Table1_Network Pharmacology-Based Strategy for the Investigation of the Anti-Osteoporosis Effects and Underlying Mechanism of Zhuangguguanjie Formulat.DOCX (15.23 kB)
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Table1_Network Pharmacology-Based Strategy for the Investigation of the Anti-Osteoporosis Effects and Underlying Mechanism of Zhuangguguanjie Formulation.DOCX

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posted on 01.10.2021, 04:33 by Wang Gong, Xingren Chen, Tianshu Shi, Xiaoyan Shao, Xueying An, Jianghui Qin, Xiang Chen, Qing Jiang, Baosheng Guo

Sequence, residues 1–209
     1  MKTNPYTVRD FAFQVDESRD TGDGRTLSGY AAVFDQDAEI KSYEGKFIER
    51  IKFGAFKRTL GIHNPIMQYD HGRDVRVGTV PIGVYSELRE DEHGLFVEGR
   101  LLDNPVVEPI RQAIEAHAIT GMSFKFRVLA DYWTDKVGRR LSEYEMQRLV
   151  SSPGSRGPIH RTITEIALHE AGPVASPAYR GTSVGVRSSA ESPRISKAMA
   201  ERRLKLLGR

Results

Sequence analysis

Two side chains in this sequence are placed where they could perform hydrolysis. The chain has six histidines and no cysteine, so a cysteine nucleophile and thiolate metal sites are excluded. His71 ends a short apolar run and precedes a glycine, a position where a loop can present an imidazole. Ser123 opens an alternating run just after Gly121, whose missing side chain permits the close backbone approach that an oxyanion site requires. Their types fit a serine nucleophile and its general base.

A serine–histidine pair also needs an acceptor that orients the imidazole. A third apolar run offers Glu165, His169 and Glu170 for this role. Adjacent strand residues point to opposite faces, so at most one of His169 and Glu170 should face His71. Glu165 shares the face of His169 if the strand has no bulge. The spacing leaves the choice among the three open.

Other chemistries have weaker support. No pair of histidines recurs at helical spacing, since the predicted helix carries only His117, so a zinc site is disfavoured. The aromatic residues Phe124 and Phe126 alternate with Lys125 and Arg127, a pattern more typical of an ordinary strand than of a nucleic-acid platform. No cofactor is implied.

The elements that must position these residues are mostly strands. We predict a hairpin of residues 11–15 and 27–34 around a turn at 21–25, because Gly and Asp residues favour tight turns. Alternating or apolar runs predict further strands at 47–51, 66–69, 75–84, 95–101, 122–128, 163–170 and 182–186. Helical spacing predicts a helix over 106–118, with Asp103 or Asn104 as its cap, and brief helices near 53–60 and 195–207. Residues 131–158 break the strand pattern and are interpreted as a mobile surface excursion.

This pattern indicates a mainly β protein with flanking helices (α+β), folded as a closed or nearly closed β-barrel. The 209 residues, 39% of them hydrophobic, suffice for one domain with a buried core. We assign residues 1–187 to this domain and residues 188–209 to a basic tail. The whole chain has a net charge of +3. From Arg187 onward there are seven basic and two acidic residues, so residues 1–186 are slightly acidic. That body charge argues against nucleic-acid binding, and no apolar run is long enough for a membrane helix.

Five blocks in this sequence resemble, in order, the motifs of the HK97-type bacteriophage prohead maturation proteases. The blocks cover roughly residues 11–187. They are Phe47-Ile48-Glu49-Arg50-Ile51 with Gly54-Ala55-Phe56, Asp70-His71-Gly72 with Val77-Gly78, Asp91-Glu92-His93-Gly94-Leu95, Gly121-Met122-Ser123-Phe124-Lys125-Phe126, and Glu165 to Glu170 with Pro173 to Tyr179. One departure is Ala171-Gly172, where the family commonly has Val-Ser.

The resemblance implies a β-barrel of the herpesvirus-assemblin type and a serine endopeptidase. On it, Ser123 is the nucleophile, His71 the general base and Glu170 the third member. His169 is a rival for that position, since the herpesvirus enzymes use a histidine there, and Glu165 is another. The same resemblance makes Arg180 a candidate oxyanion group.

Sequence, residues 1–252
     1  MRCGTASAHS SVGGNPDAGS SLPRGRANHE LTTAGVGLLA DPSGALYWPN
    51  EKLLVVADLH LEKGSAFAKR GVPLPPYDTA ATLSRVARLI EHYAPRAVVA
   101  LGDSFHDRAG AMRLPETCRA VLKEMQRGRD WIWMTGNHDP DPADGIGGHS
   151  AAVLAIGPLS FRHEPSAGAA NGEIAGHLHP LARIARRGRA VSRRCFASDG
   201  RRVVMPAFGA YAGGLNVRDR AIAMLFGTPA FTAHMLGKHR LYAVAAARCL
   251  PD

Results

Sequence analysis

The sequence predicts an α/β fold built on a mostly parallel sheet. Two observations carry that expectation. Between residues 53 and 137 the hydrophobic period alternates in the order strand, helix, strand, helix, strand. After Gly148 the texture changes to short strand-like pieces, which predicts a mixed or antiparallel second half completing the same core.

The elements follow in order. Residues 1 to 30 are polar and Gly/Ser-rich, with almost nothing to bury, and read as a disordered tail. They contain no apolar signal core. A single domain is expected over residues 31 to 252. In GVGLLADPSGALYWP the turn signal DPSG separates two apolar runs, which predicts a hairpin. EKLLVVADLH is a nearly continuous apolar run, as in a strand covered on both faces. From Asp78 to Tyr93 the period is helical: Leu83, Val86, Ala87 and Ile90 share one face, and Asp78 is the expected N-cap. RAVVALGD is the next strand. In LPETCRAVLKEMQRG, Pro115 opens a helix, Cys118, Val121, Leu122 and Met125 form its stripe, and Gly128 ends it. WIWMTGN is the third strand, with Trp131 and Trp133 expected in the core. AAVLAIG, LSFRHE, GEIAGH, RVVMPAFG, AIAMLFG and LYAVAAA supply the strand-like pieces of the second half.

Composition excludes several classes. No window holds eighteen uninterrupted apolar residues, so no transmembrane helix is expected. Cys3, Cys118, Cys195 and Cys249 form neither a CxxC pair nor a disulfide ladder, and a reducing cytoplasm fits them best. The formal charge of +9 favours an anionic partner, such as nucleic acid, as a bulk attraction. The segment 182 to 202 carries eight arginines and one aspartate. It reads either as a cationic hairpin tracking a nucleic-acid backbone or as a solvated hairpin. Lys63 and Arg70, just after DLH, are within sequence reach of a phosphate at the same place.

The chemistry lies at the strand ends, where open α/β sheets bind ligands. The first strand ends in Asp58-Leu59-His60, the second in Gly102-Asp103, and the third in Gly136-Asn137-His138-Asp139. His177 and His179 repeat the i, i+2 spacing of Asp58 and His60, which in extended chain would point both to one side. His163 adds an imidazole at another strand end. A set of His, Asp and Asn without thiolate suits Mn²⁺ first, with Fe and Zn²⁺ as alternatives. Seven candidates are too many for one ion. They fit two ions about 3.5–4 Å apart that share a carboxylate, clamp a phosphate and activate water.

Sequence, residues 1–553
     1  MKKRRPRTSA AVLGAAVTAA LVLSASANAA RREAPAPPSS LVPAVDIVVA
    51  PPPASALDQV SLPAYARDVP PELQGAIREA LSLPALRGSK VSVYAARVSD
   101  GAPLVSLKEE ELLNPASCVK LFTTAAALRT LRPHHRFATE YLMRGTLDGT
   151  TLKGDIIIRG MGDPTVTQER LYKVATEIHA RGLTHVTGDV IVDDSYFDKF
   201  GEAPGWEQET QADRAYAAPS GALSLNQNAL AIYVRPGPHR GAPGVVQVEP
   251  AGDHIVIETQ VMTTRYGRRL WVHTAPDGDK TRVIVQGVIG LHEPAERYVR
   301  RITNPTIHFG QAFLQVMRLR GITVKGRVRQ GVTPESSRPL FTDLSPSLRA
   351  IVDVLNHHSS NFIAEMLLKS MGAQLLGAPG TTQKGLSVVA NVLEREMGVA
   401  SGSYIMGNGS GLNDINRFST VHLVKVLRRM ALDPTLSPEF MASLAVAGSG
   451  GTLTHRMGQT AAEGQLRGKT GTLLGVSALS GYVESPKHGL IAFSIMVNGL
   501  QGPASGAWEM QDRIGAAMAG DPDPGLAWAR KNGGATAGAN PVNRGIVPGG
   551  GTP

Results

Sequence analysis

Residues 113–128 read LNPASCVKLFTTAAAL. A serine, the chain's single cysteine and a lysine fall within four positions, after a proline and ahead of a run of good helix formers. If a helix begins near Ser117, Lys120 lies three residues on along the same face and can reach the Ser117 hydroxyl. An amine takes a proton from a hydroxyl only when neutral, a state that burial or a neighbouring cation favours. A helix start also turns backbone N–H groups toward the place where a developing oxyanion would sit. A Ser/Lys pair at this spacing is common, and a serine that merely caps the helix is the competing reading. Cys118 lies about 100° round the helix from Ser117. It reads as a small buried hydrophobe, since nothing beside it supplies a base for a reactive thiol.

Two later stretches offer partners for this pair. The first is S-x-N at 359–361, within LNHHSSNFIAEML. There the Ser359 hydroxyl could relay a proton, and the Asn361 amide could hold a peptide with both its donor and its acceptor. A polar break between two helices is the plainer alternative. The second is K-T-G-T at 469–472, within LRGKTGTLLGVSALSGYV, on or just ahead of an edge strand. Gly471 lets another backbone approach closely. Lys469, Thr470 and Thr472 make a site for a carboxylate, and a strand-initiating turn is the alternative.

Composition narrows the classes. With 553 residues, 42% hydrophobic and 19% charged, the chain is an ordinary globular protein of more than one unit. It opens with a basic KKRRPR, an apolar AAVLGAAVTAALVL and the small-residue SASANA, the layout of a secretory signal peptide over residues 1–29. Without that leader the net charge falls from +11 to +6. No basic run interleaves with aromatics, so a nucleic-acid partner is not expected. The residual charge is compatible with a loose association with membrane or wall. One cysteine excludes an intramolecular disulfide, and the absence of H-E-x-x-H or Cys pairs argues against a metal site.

As the society is aging, the increasing prevalence of osteoporosis has generated huge social and economic impact, while the drug therapy for osteoporosis is limited due to multiple targets involved in this disease. Zhuangguguanjie formulation (ZG) is extensively used in the clinical treatment of bone and joint diseases, but the underlying mechanism has not been fully described. This study aimed to examine the therapeutic effect and potential mechanism of ZG on postmenopausal osteoporosis. The ovariectomized (OVX) mice were treated with normal saline or ZG for 4 weeks after ovariectomy following a series of analyses. The bone mass density (BMD) and trabecular parameters were examined by micro-CT. Bone remodeling was evaluated by the bone histomorphometry analysis and ELISA assay of bone turnover biomarkers in serum. The possible drug–disease common targets were analyzed by network pharmacology. To predict the potential biological processes and related pathways, GO/KEGG enrichment analysis was performed. The effects of ZG on the differentiation phenotype of osteoclasts and osteoblasts and the predicted pathway were verified in vitro. The results showed that ZG significantly improved the bone mass and micro-trabecular architecture in OVX mice compared with untreated OVX mice. ZG could promote bone formation and inhibit bone resorption to ameliorate ovariectomy-induced osteoporosis as evidenced by increased number of osteoblast (N.Ob/Tb.Pm) and decreased number of osteoclast (N.Oc/Tb.Pm) in treated group compared with untreated OVX mice. After identifying potential drug–disease common targets by network pharmacology, GO enrichment analysis predicted that ZG might affect various biological processes including osteoblastic differentiation and osteoclast differentiation. The KEGG enrichment analysis suggested that PI3K/Akt and mTOR signaling pathways could be the possible pathways. Furthermore, the experiments in vitro validated our findings. ZG significantly down-regulated the expression of osteoclast differentiation markers, reduced osteoclastic resorption, and inhibited the phosphorylation of PI3K/Akt, while ZG obviously up-regulated the expression of osteogenic biomarkers, promoted the formation of calcium nodules, and hampered the phosphorylation of 70S6K1/mTOR, which can be reversed by the corresponding pathway activator. Thus, our study suggested that ZG could inhibit the PI3K/Akt signaling pathway to reduce osteoclastic bone resorption as well as hamper the mTORC1/S6K1 signaling pathway to promote osteoblastic bone formation.